Monday, September 14, 2015

St. Petersburg - Day 4

Saturday, September 12, 2015
Return to Russia. I was here in 2005 on a river cruise to Moscow. The only major difference I notice is an increase in both the native population and tourists. The population today is around 6 million.
Today we embarked on a city tour to some of the highlights.
The city was founded by Peter the Great in 1703 to provide Russia with a port on the Baltic Sea to access trade routes to northwestern Europe. Russia was currently fighting the Great Northern War with the Swedes, who controlled the land. But Peter was so confident he would win that he started construction 7 years before he actually won.
Peter became Czar at a very young age and wanted to modernize Russia. A man of insatiable curiosity, he was the first czar to travel abroad, which he did at age 26, and he studied astronomy, science, mathematics and geography. It is said he traveled incognito, and spent 6 months working in a shipbuilding yard in Holland to learn all he could. Interestingly, shipbuilding is still one of the biggest industries in the city.
The part about incognito may be legend because he was a hard man to hide. He was 6 ft. 8 in. tall and was rather boorish as a young man, drinking and carousing with his grooms.
The land was not really suitable for a city -- it was mostly marshland, but Peter had learned in Holland how to drain the land and create canals. Originally there were 101 islands but now there are 47 which are connected by 800 bridges.
The city is an interesting mixture of architecture.  When Peter founded the city, he wanted it to rival other European domains, so he hired architects from France, Germany and Italy. Consequently, the inner city resembles its European counterparts with neoclassical architecture, wide open spaces and  palaces.  
Further from the city are the austere but sturdy apartment buildings built during the Stalinist era. Third, there are the cheaply constructed apartments from the 60's when a housing shortage required some quick construction. (Below)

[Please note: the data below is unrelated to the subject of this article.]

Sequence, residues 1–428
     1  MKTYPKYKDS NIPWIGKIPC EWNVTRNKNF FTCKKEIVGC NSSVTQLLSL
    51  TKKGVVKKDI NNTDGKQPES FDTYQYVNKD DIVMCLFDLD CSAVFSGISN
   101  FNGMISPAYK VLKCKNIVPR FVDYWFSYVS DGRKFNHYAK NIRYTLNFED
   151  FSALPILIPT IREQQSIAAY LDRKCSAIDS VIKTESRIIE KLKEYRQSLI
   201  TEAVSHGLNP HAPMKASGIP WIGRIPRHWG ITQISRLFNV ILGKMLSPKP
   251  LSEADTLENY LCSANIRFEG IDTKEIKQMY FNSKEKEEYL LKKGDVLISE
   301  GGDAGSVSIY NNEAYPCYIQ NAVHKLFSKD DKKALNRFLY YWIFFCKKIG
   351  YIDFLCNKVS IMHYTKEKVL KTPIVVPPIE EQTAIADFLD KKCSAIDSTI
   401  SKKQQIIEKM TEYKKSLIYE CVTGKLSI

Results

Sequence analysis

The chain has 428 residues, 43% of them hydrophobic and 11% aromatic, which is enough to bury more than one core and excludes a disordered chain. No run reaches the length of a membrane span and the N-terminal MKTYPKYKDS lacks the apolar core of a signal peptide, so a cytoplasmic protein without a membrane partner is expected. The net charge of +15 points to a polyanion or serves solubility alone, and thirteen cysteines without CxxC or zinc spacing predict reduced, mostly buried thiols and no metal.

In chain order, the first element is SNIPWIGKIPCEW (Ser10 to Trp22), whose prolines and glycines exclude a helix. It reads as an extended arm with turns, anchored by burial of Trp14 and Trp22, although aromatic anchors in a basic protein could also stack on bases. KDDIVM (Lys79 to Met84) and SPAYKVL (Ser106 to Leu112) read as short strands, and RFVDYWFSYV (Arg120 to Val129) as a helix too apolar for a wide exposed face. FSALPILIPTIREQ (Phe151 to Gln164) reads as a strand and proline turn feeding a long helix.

Finally, there are modern high rises with porches and balconies to accommodate today's demand and new economy.
We began our tour to St. Isaacs Cathedral, a major landmark and once the largest cathedral in Russia (one in Moscow is larger now).
It was built from 1818-1858 by a French architect, which explains its more European look.

It can accommodate 14,000 people standing. (FYI -  Russian Orthodox Churches have no pews -- everybody stands, including royalty.)
Then we drove by the "Bronze Horseman," the statue erected by Catherine the Great for Peter the Great in the late 1700's. 
Next was the Church of the Resurrection or Our Savior on the Spilled Blood. It was built on the site where Emperor Alexander II was assassinated in 1881 by revolutionaries. (Front and back views)

In 1861 he had freed the serfs from their ties to the nobles, but he soon realized he made enemies in the process, since there were several attempts on his life. A decision was made to build the church where he was killed and it was accomplished from 1883-1907. It was funded by the imperial family and private donors. Not only is the exterior worthy of contemplation, but the interior is decorated with incredibly detailed mosaics.

It was closed in 1930 by the Bolsheviks and not reopened until 1997.
Then we traveled to Peter and Paul Fortress, which was the original citadel (fort and prison) built from 1706-1740 on an island. The central focus is the Peter and Paul Cathedral, which was built to resemble western European cathedrals, not Russian Orthodox.
This is where the Czars are buried, including Peter and Catherine. It is now used as a museum.  
These columns are actually limestone painted to look like marble.
Afterwards we returned to the boat where we had a late lunch. Then we took a nap and had an early dinner (isn't this life on a cruise ship?), a Russian buffet before we went out.
Tonight we went to a theater in a building owned by the Ministry of Defense. It was a beautiful theater

and the performance was excellent. We were treated to a series of folk dances from different regions of the country. The troupe was very professional and it was obvious the women had classical ballet training. Many of the dances used props, like handkerchiefs and pillows. One dance involved 7 women with shawls who twirled them around in different patterns. There were two sets of duets, male and female, and both were extremely pleasant to hear even though they were singing in Russian.
We had an intermission with champagne (served up by one of our hostesses)
and back to the ship about 10:30.

No comments:

Post a Comment